Former NBA Player Faces Drug Charges

Most people still don’t realize that the odor of marijuana provides probable cause for the police to search your car or your home. Consider the case of former NBA player, Glen Davis, who was recently arrested on drug charges.  The court records indicate that the reason the police were called was due to the fact that the hotel owner smelled marijuana. After entering Glen Davis’ room, the police found 126 grams of marijuana and $92,000 in cash.

Davis was charged in Maryland, but let’s consider these facts and circumstances under North Carolina law.  The amount of marijuana found in Davis’ room may seem like an extremely large amount until you do the math. It takes 448 grams to equal one pound of marijuana.  It takes an excess of 10 pounds of marijuana to be charged with trafficking marijuana.  Therefore, under North Carolina law, the drug charge that Davis would most likely face is possession with intent to sell and deliver marijuana (PWISD marijuana).  PWISD marijuana is a class I felony, which is the lowest class of felony under North Carolina law.  The maximum punishment is 24 months in prison, however a prison sentence for a class I felony is not mandatory which is quite different from trafficking marijuana.  A conviction in North Carolina for trafficking marijuana includes a mandatory active sentence depending on the amount of marijuana.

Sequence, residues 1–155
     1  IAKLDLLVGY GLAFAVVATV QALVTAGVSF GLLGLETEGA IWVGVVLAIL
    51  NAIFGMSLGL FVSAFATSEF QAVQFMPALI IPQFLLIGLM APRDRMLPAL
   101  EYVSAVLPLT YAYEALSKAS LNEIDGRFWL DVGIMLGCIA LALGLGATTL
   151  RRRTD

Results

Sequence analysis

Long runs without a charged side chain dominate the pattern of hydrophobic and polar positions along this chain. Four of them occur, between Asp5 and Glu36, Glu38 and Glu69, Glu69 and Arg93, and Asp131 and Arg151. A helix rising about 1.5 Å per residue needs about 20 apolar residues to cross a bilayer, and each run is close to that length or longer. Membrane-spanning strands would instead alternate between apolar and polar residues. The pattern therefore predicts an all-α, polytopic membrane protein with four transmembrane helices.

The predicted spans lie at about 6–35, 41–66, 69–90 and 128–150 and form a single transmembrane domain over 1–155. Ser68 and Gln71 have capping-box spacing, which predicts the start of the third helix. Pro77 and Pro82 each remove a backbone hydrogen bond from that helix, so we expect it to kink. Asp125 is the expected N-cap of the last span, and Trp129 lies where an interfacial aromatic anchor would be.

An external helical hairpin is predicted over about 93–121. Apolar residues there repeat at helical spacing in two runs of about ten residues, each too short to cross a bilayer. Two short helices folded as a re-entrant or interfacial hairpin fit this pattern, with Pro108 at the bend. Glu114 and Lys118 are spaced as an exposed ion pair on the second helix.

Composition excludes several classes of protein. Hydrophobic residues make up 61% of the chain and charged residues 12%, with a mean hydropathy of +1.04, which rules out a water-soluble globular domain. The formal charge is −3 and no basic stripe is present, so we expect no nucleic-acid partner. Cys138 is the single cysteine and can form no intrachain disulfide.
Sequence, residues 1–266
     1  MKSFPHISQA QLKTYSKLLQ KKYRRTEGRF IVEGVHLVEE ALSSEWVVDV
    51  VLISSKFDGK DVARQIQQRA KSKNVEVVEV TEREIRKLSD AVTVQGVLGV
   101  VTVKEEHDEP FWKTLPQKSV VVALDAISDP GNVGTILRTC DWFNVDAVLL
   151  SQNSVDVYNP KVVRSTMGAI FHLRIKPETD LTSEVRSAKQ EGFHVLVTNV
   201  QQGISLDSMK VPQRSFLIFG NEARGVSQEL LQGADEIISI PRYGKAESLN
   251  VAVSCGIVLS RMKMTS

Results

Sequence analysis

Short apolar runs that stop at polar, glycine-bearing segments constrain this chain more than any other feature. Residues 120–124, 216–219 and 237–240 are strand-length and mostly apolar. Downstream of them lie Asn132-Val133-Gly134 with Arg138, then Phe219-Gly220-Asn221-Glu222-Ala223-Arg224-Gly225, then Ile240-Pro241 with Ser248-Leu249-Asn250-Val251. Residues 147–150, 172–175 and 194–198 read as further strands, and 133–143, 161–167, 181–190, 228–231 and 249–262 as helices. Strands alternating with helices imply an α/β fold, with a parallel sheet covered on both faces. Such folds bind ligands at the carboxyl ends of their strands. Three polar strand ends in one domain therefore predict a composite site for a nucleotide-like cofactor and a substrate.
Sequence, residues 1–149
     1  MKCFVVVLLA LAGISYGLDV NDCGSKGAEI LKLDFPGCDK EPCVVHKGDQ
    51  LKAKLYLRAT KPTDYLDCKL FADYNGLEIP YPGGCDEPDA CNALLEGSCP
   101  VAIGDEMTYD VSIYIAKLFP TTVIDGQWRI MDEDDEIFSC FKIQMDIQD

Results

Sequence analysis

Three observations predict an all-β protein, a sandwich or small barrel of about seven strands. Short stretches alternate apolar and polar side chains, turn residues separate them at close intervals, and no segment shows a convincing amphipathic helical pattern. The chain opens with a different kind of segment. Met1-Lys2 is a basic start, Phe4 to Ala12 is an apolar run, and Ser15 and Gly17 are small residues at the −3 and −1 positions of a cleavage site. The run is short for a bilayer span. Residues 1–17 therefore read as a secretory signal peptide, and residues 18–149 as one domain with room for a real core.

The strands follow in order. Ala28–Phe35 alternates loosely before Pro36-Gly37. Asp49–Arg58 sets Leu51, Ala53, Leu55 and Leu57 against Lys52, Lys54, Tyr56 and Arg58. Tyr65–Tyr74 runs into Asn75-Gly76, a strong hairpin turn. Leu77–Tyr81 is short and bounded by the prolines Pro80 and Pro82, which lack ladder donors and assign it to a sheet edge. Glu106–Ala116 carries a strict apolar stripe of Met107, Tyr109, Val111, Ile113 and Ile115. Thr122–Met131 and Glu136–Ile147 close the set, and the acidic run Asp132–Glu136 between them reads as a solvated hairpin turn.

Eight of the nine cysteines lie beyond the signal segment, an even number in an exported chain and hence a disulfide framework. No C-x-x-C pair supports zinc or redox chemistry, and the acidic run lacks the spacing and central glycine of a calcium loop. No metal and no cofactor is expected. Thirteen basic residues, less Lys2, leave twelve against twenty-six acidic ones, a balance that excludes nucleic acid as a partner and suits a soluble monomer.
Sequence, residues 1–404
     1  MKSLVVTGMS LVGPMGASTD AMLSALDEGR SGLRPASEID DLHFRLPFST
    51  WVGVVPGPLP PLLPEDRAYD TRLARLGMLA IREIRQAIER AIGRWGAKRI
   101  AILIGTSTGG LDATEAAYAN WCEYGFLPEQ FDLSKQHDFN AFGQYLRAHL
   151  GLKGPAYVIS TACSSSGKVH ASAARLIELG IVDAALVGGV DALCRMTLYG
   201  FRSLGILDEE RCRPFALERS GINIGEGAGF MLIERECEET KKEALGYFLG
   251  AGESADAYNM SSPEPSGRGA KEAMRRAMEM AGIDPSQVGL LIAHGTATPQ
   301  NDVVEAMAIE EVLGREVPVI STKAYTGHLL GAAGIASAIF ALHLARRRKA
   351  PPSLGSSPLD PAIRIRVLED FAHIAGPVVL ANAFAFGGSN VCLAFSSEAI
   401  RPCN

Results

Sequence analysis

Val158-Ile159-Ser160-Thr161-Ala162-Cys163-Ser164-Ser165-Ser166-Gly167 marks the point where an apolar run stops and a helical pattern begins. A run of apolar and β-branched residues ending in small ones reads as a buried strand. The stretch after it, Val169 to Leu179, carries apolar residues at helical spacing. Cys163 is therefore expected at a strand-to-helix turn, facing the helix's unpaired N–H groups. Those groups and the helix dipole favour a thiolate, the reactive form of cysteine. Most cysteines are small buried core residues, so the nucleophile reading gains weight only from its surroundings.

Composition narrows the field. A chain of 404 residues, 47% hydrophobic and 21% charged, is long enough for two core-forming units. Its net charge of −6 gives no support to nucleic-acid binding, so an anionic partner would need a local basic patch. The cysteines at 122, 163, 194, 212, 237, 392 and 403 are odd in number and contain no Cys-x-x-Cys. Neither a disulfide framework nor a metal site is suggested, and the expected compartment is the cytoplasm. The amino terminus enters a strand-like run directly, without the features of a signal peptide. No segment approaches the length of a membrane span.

According to North Carolina General Statute 90-95(h), here are the following punishments for trafficking marijuana:

a.          Is in excess of 10 pounds, but less than 50 pounds, such person shall be punished as a Class H felon and shall be sentenced to a minimum term of 25 months and a maximum term of 39 months in the State’s prison and shall be fined not less than five thousand dollars ($5,000);

b.         Is 50 pounds or more, but less than 2,000 pounds, such person shall be punished as a Class G felon and shall be sentenced to a minimum term of 35 months and a maximum term of 51 months in the State’s prison and shall be fined not less than twenty-five thousand dollars ($25,000);